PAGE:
Consider the Space Pizza. It drifts alone, bearing witness to every transgression down on Earth yet offering no judgement. Its cheese froze at some point in the -50-0°C temperatures of the stratosphere; if the balloon somehow holds up for another 30 kilometers, it’ll reach the first stages of the thermosphere, where it’ll burn to ash and float off into the cosmos. Maybe the certainty of its disintegration clarifies everything for the Space Pizza. With Erik Satie lulling it into its final slumber, it comes to perceive multitudes within itself: youth, growth, hyperbole, geographic loyalty, ambition, friendship. Above all, the Space Pizza embodies the classic, if underrepresented philosophical concept known as “pizza being in space.”
After a series of scene-defining digital releases, short-run tour 7-inches, and the Scott Pilgrim video game OST, New York’s 8-bit shredders Anamanaguchi dropped their new album Endless Fantasy on May 14. The album’s 22 tracks expand the quartet’s NES-derived melodies and pop-punk rawk-band aesthetics into more territory than ever: electro club zones, slow-jam ballads, ambient interludes, anthems to soundtrack a midnight cruise through Neo Tokyo. The video for the album’s title track showcases the kaleidoscopic, culture-colliding audio-visual language the band has developed over years of multimedia omnivorousness.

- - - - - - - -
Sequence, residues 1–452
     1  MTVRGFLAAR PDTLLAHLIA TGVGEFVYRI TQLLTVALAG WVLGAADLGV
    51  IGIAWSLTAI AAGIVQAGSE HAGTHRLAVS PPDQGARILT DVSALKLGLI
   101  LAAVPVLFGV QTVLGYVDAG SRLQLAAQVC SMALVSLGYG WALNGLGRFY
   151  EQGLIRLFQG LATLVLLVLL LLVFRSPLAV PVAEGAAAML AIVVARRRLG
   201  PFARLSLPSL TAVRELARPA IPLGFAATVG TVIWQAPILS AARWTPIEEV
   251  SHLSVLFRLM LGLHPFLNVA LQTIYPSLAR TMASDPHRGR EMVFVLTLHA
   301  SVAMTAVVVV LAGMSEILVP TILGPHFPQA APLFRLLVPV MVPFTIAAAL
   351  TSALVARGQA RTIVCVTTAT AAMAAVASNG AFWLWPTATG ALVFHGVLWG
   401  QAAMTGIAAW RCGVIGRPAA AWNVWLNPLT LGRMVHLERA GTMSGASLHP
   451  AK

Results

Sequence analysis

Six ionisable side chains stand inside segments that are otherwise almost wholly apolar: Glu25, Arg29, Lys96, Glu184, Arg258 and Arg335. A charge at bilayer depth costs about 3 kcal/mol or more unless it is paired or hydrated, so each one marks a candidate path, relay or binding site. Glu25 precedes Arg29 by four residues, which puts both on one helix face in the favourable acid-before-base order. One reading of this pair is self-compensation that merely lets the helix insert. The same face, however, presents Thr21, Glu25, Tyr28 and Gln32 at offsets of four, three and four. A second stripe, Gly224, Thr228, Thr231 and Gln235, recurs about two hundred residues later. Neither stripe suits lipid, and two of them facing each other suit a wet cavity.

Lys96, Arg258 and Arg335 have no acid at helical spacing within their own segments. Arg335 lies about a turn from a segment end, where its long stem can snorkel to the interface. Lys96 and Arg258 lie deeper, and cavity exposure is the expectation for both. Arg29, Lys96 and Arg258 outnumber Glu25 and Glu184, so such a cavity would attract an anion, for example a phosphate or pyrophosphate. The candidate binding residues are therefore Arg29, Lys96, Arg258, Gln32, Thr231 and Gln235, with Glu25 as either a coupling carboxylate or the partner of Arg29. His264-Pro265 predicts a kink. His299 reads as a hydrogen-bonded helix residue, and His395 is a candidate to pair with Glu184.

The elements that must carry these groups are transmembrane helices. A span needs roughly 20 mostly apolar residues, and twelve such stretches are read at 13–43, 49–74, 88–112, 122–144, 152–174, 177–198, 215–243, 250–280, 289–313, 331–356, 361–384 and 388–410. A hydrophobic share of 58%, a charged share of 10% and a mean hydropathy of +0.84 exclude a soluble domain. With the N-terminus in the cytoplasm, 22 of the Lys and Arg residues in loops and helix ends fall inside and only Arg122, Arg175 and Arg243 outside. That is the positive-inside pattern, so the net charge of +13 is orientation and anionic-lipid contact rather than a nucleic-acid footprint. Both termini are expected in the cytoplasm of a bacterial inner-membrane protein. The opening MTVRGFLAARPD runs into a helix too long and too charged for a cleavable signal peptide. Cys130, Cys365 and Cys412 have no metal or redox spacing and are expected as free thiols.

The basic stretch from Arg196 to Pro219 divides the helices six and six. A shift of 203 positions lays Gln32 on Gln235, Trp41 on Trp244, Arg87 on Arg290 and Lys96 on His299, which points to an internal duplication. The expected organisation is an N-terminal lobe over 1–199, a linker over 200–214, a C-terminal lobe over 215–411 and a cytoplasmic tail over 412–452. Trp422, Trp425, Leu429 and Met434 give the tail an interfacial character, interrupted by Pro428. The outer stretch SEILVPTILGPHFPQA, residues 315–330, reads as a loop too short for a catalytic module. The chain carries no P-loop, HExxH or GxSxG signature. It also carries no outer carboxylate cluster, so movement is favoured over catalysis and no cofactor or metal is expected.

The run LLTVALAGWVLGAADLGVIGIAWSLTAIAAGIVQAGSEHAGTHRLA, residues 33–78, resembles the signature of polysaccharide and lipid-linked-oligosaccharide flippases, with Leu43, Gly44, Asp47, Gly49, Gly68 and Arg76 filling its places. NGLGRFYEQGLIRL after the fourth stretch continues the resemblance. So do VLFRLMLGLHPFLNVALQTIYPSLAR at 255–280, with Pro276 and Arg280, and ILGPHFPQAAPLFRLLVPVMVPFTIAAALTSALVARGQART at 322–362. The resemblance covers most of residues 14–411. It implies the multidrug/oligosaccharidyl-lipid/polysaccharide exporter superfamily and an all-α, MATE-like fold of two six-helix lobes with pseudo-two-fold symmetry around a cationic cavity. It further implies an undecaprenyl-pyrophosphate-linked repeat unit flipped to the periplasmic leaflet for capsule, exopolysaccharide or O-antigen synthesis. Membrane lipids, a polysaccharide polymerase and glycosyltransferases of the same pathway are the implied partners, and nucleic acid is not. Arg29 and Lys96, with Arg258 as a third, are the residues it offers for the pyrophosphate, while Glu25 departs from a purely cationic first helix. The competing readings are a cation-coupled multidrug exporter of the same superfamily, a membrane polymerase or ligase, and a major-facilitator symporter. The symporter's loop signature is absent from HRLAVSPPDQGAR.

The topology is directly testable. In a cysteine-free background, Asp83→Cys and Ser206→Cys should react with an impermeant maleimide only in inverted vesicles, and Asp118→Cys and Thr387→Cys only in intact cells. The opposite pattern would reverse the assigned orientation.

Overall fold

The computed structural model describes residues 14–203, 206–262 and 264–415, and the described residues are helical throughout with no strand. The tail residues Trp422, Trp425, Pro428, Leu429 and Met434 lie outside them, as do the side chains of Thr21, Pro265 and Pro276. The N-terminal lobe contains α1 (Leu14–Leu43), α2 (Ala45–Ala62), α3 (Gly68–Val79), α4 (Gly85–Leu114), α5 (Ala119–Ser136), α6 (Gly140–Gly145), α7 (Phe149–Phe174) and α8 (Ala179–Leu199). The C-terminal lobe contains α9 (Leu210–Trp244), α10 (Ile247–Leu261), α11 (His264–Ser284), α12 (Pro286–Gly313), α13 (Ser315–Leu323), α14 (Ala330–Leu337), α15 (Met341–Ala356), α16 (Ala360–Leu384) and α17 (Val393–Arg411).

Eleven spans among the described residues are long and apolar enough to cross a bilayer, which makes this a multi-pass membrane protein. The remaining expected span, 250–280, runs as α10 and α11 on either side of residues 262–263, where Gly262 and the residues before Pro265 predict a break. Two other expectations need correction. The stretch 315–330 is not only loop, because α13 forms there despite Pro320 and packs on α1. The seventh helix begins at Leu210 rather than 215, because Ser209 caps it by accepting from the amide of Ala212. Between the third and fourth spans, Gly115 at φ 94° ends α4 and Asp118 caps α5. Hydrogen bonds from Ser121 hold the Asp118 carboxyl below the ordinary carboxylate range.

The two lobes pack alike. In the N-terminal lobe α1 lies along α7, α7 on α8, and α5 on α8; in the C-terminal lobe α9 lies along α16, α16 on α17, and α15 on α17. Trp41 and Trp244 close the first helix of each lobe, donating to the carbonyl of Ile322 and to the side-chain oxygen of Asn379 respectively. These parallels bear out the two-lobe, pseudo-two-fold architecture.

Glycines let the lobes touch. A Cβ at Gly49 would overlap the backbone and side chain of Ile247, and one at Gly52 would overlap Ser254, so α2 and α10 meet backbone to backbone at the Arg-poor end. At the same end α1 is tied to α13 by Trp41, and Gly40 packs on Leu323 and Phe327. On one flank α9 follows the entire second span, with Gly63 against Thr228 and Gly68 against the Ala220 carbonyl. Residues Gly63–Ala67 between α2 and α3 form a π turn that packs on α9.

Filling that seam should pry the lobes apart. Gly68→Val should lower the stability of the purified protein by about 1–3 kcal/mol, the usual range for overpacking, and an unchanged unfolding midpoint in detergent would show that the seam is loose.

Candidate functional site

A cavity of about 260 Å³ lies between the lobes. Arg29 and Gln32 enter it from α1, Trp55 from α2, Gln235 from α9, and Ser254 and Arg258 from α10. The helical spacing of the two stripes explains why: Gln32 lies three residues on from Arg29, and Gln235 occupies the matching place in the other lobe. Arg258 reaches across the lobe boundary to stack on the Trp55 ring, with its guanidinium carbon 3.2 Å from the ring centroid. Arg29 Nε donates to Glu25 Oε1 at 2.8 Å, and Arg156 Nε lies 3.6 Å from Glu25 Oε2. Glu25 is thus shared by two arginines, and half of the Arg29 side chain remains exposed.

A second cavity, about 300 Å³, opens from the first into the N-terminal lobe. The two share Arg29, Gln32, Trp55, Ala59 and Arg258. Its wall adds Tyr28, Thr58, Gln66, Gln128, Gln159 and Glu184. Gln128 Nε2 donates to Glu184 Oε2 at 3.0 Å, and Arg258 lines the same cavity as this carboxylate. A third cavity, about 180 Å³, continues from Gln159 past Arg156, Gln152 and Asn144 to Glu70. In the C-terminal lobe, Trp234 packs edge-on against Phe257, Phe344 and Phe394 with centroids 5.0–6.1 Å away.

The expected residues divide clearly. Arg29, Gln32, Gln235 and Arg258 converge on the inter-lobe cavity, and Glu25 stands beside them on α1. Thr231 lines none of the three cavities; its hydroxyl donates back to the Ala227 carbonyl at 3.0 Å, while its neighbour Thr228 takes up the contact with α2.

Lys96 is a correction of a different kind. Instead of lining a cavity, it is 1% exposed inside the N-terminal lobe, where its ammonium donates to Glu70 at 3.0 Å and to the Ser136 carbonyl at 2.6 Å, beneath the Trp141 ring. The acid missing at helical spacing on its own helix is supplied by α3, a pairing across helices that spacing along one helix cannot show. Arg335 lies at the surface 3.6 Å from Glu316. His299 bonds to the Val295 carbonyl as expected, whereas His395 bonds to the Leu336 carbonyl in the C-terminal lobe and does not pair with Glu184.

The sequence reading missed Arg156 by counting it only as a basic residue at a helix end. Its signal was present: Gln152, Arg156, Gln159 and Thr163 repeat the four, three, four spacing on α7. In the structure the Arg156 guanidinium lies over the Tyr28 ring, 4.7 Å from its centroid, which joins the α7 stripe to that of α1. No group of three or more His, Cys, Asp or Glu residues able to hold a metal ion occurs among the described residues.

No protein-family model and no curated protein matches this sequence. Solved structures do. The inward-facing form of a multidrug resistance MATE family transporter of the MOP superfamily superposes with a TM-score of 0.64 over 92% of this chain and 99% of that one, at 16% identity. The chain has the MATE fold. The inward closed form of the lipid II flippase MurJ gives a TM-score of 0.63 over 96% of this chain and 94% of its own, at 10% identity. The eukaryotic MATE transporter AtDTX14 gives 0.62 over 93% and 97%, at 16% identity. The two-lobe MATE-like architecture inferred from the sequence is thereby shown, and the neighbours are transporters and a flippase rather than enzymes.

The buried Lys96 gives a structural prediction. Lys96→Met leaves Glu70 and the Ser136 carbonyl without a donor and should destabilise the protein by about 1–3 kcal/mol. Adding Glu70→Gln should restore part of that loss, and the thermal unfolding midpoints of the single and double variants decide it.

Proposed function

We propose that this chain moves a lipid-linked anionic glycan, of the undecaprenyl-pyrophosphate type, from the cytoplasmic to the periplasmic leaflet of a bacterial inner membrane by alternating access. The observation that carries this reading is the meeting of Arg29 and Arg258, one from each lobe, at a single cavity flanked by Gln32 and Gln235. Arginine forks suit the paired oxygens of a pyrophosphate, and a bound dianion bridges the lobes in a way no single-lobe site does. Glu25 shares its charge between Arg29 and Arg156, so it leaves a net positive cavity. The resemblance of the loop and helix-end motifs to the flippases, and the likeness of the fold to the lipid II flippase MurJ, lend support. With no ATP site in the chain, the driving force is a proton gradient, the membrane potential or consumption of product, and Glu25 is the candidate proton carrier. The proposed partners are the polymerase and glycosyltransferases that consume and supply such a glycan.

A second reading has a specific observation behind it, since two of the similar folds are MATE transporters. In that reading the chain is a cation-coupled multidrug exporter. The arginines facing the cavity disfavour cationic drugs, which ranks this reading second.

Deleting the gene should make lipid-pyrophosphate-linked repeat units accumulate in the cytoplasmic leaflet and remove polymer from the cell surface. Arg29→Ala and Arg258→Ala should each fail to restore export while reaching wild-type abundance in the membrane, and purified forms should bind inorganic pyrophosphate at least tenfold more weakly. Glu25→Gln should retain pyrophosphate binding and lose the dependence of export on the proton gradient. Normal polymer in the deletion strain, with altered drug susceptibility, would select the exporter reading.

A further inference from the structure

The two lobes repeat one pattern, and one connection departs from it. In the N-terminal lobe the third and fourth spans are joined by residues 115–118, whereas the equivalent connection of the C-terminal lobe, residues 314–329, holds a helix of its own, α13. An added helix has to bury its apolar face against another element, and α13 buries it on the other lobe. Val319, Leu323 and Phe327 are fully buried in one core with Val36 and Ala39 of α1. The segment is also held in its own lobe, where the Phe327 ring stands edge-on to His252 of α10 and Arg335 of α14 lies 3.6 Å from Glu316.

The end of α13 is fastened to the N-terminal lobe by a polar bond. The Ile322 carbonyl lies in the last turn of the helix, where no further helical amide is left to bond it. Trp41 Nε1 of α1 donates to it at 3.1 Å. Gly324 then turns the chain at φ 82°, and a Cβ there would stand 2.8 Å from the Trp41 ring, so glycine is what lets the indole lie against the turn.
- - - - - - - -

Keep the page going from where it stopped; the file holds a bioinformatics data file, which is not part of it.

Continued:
Subliminal anime interrupts shots of New York’s streets. LED-illuminated nightlife rages on as pizza ascends. We feel the kind of feelings that only emojis can properly convey. The video arrives in the wake of the band’s insanely successful Kickstarter campaign, which allowed them full creative control of the album’s release and its many attendant media. If this is the kind of “weird internet stuff” we can expect from the newly $$$-laden Guch-bros moving forward, Space Pizza is only the beginning.
• Anamanaguchi: http://anamanaguchi.com